Sydney Sweeney’s Brief and Bloody Immaculate Captures B-Movie Spirit

Immaculate does quite a few things well, but its greatest triumph is that it’s a tight 88 minutes. The movie absolutely rattles along, and when that’s the case, a multitude of sins can be forgiven. And it’s not as if Immaculate has a huge amount to be repentant for, but it’s not a film that’s going to resonate through the years as an absolute modern classic. Spooky convents are not unique settings for horror films. There are a smattering of irritatingly telegraphed jump scares. The resolution to the film’s central mystery teeters on the brink of ‘enjoyably schlocky’ and comes within millimetres of being ‘just plain dumb.’

But there’s a spark to Immaculate that’s undeniable. Much of that comes from the cast, who are uniformly terrific. Having invested quite a lot of herself in the film’s production, Sydney Sweeney clearly relishes her leading role as Cecilia. She’s a pious, wide-eyed woman from Michigan who gets recruited to join a convent in the Italian countryside by the charismatic Father Sal Tedeschi (the effervescent Alvaro Morté). The big move seems to broadly be working out for her until she inexplicably falls pregnant, at which point everything gets a bit kooky. Benedetta Porcaroli brings charm and moxie as the subversive Sister Gwen, and Dora Romano as the Mother Superior shows off a lot more range and charisma than a role like that might theoretically permit her to do.

All of these actors and more get drenched in buckets of blood and guts. Immaculate is an astonishingly violent film. I went to see it with my pal, and listen, we watch a lot of nasty little horror films together, it’s an integral pillar of our love affair, but there were at least three separate instances when we turned to each other and gritted our teeth. There were times where the sheer relish and flair with which blood is deployed in Immaculate, particularly during the demented final third of the film, reminded me of 2021’s Malignantwhich was the last film I saw which took so much pleasure in splattering red fluid across the screen. Similarly, the hallucinatory religious atmosphere, and the evocation of the increasing feeling of detachment from being in a European country with increasingly odd customs, bears obvious comparisons to MidsommarUltimately, Immaculate probably isn’t as good as either of those films, but it doesn’t embarrass itself in their company either.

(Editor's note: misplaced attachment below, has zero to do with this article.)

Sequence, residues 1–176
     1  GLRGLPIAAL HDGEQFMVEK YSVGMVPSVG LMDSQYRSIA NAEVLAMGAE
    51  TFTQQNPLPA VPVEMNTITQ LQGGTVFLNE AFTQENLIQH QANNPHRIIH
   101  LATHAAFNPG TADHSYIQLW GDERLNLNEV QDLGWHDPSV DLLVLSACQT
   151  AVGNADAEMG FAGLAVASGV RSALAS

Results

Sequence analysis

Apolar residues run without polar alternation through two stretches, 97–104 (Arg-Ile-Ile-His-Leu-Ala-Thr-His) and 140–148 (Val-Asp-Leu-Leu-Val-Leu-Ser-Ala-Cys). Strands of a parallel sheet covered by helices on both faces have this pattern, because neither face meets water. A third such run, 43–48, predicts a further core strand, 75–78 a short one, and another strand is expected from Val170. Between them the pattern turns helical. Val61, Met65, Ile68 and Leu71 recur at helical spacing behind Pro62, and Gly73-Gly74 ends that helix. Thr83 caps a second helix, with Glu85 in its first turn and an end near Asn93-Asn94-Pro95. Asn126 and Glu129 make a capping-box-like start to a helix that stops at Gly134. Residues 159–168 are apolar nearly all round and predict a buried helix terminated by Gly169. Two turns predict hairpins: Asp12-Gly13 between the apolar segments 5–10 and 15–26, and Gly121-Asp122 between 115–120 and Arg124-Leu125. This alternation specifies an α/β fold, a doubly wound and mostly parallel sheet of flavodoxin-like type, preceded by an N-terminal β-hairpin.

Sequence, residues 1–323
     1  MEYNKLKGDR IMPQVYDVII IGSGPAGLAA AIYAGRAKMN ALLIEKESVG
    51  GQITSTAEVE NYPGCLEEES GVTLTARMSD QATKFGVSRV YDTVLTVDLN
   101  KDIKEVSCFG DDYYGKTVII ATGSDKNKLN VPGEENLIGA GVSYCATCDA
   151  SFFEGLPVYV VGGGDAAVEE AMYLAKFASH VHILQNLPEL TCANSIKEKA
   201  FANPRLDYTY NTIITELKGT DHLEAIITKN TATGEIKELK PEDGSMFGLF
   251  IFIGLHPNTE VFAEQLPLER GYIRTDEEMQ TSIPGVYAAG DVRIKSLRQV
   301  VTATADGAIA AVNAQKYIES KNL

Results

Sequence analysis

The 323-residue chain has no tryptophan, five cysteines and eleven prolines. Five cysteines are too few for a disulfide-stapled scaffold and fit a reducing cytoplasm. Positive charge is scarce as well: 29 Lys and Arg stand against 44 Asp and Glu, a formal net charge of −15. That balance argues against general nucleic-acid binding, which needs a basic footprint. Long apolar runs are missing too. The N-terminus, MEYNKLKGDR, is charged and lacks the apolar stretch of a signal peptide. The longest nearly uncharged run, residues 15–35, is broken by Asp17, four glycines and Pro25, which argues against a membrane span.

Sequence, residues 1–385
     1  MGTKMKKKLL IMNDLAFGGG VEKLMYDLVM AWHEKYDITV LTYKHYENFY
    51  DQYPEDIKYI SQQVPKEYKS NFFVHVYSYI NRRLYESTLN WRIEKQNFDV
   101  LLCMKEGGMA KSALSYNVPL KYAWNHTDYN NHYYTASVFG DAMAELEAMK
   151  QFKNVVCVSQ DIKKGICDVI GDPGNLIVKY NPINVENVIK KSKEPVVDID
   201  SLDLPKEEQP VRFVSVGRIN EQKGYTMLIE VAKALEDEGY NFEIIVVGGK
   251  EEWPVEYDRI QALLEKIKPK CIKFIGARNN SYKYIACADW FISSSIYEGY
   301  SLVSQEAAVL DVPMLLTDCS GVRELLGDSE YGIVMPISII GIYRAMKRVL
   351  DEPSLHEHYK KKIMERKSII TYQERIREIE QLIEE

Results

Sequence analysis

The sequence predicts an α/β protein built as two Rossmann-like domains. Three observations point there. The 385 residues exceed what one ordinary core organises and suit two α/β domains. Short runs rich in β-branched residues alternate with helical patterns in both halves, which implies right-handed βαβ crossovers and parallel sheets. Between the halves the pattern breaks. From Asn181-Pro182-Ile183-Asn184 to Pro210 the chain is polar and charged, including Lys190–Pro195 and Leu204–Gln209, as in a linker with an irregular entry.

For all the violence and troubling religious obsession, however, the ultimate horror in Immaculate is, as it should be, pregnancy. It’s not really a spoiler to disclose that all is not quite right with the seemingly divine intervention that has left Cecilia with child, but even before all the shit really hits the fan there, Immaculate makes the most of pregnancy as a real life body horror. The lingering shots of Cecilia’s swollen, distorted belly, the intermittent outbreaks of vomiting, even acts as small as the untrustworthy Dr. Gallo smearing gel on her midriff to perform the ultrasound. The effect of seeing all this documented is to induce a queasy kind of enforced voyeurism in you. Again, it’s hardly unheard of for a horror film to make use of the effect pregnancy has on the body, the way the mundane is blurred with the bizarre, and the cavalcade of indignities that a woman has to trudge through. But it still really works as the thing that ties the movie together, with the nightmare ratcheting up as we tick inexorably towards the birth itself.


So, yes, Immaculate doesn’t reinvent the genre. There’s that old adage about all creativity being theft, and about borrowing from enough different sources to give the effect of something original, but it doesn’t entirely succeed at doing that. Its fairly obvious array of influences limit the heights that it can reach, but it also gives it enough ideas and momentum to sustain that 88 minute run time. There are few wasted breaths in Immaculate; certainly the first third of the movie is quite quiet and unremarkable in its setting up of various threads, but that’s only really noteworthy because the final two thirds are so in your face. I don’t think there are many viewers who’ll give Immaculate repeat viewings, but for that hour and a half in the cinema, it’s a really good time watching Sydney Sweeney have a really bad time.

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Immaculate is in cinemas now